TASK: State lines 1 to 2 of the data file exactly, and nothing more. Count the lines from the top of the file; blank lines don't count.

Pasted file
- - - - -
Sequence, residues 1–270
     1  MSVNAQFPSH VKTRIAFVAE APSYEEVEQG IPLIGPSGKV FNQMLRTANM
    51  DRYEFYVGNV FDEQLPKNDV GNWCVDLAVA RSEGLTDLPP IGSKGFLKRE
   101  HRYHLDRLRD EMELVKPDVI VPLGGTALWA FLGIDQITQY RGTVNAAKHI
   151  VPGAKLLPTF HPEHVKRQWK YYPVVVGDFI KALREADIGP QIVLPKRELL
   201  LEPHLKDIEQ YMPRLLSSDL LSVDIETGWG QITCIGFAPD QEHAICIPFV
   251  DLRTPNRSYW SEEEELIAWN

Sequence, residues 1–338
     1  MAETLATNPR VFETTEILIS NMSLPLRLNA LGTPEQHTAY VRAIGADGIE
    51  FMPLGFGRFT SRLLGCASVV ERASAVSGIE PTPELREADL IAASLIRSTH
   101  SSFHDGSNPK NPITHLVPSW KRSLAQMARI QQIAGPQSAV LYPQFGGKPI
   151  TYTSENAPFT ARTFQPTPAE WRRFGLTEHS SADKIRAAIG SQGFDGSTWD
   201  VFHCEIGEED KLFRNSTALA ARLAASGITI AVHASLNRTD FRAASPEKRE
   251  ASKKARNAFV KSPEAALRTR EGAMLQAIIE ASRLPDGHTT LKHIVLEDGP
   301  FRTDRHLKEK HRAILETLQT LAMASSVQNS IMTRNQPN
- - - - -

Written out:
Sequence, residues 1–270
     1  MSVNAQFPSH VKTRIAFVAE APSYEEVEQG IPLIGPSGKV FNQMLRTANM